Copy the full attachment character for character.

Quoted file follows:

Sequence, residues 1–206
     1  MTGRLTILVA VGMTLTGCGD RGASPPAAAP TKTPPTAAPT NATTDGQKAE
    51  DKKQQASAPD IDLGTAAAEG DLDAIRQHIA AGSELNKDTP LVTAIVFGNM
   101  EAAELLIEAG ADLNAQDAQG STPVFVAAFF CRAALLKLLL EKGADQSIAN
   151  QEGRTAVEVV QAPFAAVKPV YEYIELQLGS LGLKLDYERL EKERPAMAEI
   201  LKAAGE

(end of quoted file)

Sequence, residues 1–206
     1  MTGRLTILVA VGMTLTGCGD RGASPPAAAP TKTPPTAAPT NATTDGQKAE
    51  DKKQQASAPD IDLGTAAAEG DLDAIRQHIA AGSELNKDTP LVTAIVFGNM
   101  EAAELLIEAG ADLNAQDAQG STPVFVAAFF CRAALLKLLL EKGADQSIAN
   151  QEGRTAVEVV QAPFAAVKPV YEYIELQLGS LGLKLDYERL EKERPAMAEI
   201  LKAAGE